Over the last few days, there's been something of a furore over the two main birds off Glee posing for GQ with the dude who can't dance off Glee in what could be deemed a salacious shoot. How innovative, big whoop, wanna fight about it? Well, it would seem the increasingly vocal Parents Television Council did indeed want to squabble about it - going so far as to say it was "bordering on paedophilia".
The statement issued by PTC president Tim Winter read: "It is disturbing that GQ, which is explicitly written for adult men, is sexualizing the actresses who play high school-aged characters on Glee in this way. It borders on pedophilia. Sadly, this is just the latest example of the overt sexualization of young girls in entertainment. Many children who flocked to High School Musical have grown into Glee fans. They are now being treated to seductive, in-your-face poses of the underwear-clad female characters posing in front of school lockers, one of them opting for a full-frontal crotch shot. By authorizing this kind of near-pornographic display, the creators of the program have established their intentions on the show's direction. And it isn't good for families."
OK, even I think that's a bit over the top. The average age of the cast is 24, making them well over the age of consent. The average age of the viewer is probably early to mid-teen *ahems* to mid-thirties - hardly a Hannah Montana audience... None of the cast, now I'm sure you'll correct me if I'm wrong, were globally recognisable child stars. That aside, sure, the characters sing and dance, but they're also dealing with sexual orientation, teen-pregnancy, and what not. Essentially, it's not a kids' show.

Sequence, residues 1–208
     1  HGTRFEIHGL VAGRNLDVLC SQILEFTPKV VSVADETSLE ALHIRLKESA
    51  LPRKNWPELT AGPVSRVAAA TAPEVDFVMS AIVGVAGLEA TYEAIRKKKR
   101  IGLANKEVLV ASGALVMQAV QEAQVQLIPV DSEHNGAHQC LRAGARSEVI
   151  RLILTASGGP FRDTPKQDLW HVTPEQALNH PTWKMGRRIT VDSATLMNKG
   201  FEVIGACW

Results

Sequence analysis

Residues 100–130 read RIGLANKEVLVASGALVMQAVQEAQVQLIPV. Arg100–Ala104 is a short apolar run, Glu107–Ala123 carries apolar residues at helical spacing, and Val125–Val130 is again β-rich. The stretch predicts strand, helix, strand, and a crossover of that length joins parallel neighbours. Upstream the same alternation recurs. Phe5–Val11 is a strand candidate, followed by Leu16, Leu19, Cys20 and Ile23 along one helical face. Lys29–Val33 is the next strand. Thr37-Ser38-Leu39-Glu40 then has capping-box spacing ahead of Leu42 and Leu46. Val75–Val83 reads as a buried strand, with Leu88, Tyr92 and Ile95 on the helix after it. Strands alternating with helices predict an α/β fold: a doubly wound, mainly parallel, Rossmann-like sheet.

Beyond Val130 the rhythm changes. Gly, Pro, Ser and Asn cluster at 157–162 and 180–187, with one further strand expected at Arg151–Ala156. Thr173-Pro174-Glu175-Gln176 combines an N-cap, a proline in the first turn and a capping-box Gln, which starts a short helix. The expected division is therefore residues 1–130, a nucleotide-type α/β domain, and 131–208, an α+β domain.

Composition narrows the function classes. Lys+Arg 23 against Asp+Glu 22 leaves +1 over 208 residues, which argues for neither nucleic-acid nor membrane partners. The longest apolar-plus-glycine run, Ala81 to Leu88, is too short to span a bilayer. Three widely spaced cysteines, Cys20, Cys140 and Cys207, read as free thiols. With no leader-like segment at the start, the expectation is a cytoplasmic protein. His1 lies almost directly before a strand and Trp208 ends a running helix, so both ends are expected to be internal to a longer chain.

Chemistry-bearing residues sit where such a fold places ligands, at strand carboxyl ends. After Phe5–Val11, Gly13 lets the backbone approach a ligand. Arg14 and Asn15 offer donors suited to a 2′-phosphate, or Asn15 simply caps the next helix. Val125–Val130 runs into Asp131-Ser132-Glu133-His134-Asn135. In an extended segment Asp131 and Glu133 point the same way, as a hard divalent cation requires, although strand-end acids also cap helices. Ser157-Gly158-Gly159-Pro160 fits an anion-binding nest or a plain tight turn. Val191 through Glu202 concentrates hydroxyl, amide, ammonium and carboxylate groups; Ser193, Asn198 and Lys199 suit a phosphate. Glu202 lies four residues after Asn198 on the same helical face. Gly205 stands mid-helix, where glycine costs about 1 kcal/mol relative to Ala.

Anyway, Dianna Aragon felt the need to issue a (barbed) apology: "In the land of Madonna, Britney, Miley, Gossip Girl (she obviously "forgot" Taylor Momsen's name) other public figures and shows that have pushed the envelope and challenged the levels of comfort in their viewers and fans... we are not the first. Now, in perpetuating the type of images that evoke these kind of emotions, I am sorry. If you are hurt or these photos make you uncomfortable, it was never our intention. And if your eight-year-old has a copy of our GQ cover in hand, again I am sorry. But I would have to ask, how on earth did it get there? I was a very sheltered child, and was not aware of anything provocative or risque in the media while I was navigating through my formative years. When I was finally allowed to watch a movie like Grease, I did not even understand what on earth Rizzo was talking about!? I understand that in today’s world of advanced technology, the internet, our kids can be subject to very adult material at the click of a button. But there are parental locks, and ways to get around this."
Very well said. I do find it amusing that it was the more demure Aragon who came across with an "apology". Lea Michelle is probably still too consumed with swishing her hair and straddling her bedpost to realise what's going on outside the confines of her mirrored bedroom.